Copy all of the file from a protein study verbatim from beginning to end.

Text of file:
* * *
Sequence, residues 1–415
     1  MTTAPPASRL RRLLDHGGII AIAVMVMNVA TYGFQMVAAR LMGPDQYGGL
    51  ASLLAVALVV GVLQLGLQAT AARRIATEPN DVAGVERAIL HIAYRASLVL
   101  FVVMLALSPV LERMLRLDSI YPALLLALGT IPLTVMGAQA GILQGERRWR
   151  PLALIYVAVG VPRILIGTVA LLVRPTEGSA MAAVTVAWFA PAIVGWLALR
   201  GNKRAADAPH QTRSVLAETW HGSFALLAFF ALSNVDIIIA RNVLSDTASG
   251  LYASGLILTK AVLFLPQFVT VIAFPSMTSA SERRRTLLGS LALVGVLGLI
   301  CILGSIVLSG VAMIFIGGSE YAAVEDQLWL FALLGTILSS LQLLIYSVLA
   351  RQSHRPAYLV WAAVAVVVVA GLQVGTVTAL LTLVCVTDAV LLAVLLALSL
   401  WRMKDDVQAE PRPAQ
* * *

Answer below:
Sequence, residues 1–415
     1  MTTAPPASRL RRLLDHGGII AIAVMVMNVA TYGFQMVAAR LMGPDQYGGL
    51  ASLLAVALVV GVLQLGLQAT AARRIATEPN DVAGVERAIL HIAYRASLVL
   101  FVVMLALSPV LERMLRLDSI YPALLLALGT IPLTVMGAQA GILQGERRWR
   151  PLALIYVAVG VPRILIGTVA LLVRPTEGSA MAAVTVAWFA PAIVGWLALR
   201  GNKRAADAPH QTRSVLAETW HGSFALLAFF ALSNVDIIIA RNVLSDTASG
   251  LYASGLILTK AVLFLPQFVT VIAFPSMTSA SERRRTLLGS LALVGVLGLI
   301  CILGSIVLSG VAMIFIGGSE YAAVEDQLWL FALLGTILSS LQLLIYSVLA
   351  RQSHRPAYLV WAAVAVVVVA GLQVGTVTAL LTLVCVTDAV LLAVLLALSL
   401  WRMKDDVQAE PRPAQ